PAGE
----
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What scheduling model should ACC football adopt for 2020?

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Assuming there are actual games taking place, of course...

NCAA Football: Boston College at Syracuse Rich Barnes-USA TODAY Sports

At this point, you’ve likely accepted the fact that the 2020 college football schedule will not go according to plan.

The Big Ten has already said they’ll be be playing conference games only, and the ACC is likely doing the same — they just haven’t announced it yet and are weighing various plans that account for both Notre Dame and maybe SEC rivals for the likes of Clemson, Florida State, Georgia Tech and Louisville. In any case, that decision’s coming by late July.

While the Big Ten can just keep the schedule as-is, it seems like they’re entertaining ideas around a 10-game season, that may or may not include home-and-homes. Given the ACC’s situation with Notre Dame — and the Irish being S.O.L. if they’re not included in what the ACC does — things are not that easy for our conference. That’s made even more complicated by the SEC rivalry bit, which the SEC is also trying to juggle right now.

In a world where everything just works out, you fold the Irish into the ACC for the year and then just schedule accordingly. But because of how conference revenues work with regard to Notre Dame (they don’t have access to the football money pool, but we don’t have access to theirs, either), some financial arrangements need to be accounted for first.

We’re familiar with the complications having Notre Dame around can create, dating back to the Big East days. And while no one in charge over there seemed to understand how to deal with Notre Dame’s membership, Duke coach David Cutcliffe seems to have a pretty good command of the situation.

Though there have been no considerations released directly by the league yet, one report from WRALSports’ Joe Giglio indicates a 10-game schedule featuring home-and-homes — so you’d only face five teams. The Irish would be included in that setup, but I’d assume the SEC rivals would not. Would also think that there’s more to that arrangement. Just don’t know exactly what.

This has already been a long-winded intro, so let’s just get to the point: What are the models the ACC is likely considering for the 2020 football season (assuming it happens, of course), and what should they ultimately adopt?

1. 10-game home-and-home

This would be the one mentioned above. Each team would face five others in the ACC (plus Notre Dame) twice. That’s not a pod situation, since it doesn’t seem like these opponents are all grouped together. At the same time, that would seem to make sense from a travel standpoint.

On one hand, this is a good way to get a season going, and it could lead to us avoiding Clemson. But on the other, playing just five teams total can backfire for both the Syracuse Orange and the rest of the league if the schedule is off from a competitive balance standpoint. That can also help the Orange if we’re playing the right teams, too. Will this be locally driven? I guess it really doesn’t matter that much once you’re leaving campus whether you’re traveling for an hour by plane or three hours. But it’s probably going to be part of the thought process.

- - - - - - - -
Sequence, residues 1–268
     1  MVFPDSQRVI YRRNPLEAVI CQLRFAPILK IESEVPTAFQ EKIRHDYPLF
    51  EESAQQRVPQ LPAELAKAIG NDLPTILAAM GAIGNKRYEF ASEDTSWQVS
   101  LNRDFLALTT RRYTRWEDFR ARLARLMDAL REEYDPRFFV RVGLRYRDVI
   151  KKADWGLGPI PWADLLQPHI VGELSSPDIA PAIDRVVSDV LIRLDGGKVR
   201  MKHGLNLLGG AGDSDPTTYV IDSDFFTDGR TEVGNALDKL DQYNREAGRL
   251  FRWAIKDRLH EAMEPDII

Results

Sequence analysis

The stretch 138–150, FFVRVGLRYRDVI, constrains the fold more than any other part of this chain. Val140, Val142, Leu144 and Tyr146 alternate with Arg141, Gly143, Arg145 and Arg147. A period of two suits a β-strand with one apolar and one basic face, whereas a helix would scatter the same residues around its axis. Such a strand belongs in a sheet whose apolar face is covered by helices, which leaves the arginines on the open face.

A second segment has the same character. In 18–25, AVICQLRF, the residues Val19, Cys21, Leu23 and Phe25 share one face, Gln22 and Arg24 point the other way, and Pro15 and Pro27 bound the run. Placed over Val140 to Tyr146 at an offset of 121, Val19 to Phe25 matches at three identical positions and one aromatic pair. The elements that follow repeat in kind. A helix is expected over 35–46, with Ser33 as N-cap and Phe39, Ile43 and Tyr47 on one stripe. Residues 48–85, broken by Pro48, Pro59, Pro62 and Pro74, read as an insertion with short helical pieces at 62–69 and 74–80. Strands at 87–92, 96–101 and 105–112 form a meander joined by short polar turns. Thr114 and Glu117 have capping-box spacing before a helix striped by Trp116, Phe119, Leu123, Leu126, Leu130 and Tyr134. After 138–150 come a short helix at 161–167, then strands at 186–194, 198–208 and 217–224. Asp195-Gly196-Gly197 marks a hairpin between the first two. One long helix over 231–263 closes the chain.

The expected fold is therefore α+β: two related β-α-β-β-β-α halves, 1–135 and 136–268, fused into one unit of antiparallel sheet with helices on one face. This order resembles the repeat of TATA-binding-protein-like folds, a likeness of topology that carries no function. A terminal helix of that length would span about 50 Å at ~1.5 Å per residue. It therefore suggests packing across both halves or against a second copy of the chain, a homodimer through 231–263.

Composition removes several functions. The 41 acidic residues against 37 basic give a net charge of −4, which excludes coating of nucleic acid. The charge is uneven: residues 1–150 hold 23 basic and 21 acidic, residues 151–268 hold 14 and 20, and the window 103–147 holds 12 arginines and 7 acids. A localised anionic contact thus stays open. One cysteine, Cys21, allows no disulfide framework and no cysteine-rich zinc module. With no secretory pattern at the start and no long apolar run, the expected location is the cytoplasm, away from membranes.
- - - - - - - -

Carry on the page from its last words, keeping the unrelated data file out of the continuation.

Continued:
2. Pods/Permanent Rivals

This blog has long been a proponent of realigning the ACC’s divisions in a unique way — potentially around either pods or a “permanent rivals” setup. A weird season allows us to give it a shot on a trial basis, albeit with some stipulations that probably include repeating opponents.

If we want to do pods, there’s an easy way to just create three groups of five and do eight games (two games against each opponent). Again, doesn’t really allow for the ACC-SEC games, though.

Regionally, you could lump things together like this:

  • North: Syracuse, Boston College, Louisville, Notre Dame, Pitt
  • Mid-Atlantic: Duke, North Carolina, Virginia, Virginia Tech, Wake Forest
  • South: NC State, Clemson, Florida State, Georgia Tech, Miami

This not only keeps rivalries intact but reduces travel and is fairly balanced, competitively. NC State gets hosed a bit having to leave the other NC teams, but one of them has to get bounced South and it’s not going to be Duke or UNC given their rivalries with one another and UVA.

NCAA Football: Clemson at Syracuse Rich Barnes-USA TODAY Sports

3. Schedule As-Is

Here, we just play the eight opponents we currently have set up on the schedule, and maybe find some sort of setup where those four SEC rival teams play those squads as a ninth game, and Notre Dame is a ninth game for some — but not all — of the rest of the teams. That’s probably not going to work, since there are 10 teams left, so maybe the Irish are playing 10 while everyone else plays nine?

4. Choose-Your-Own-Ending

This one uses a blend of conference play and non-conference dates to create a 9-game schedule for everyone — and Notre Dame — that also reduces travel by adding regional foes. So basically, the 15 teams in question work together to pick five games per team, and then they can get creative with the rest.

If Syracuse wants to fill the other spots with Buffalo, Colgate/Albany, West Virginia and someone else, cool. If FSU wants to add games against Florida, Florida A&M, FIU and FAU, that’s cool too. Notre Dame can toss on games with BYU, Army, perhaps Navy and Ball State.

Definitely the most complicated schedule, and the one that involves playing more teams. It’s probably the most regionally-focused one too, depending on who you face.

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I’m sure there are other ideas out there. If you have any, have at it in the comments. I’m partial to the pods-type setup, but could be convinced of most of these if someone’s passionate about one or another.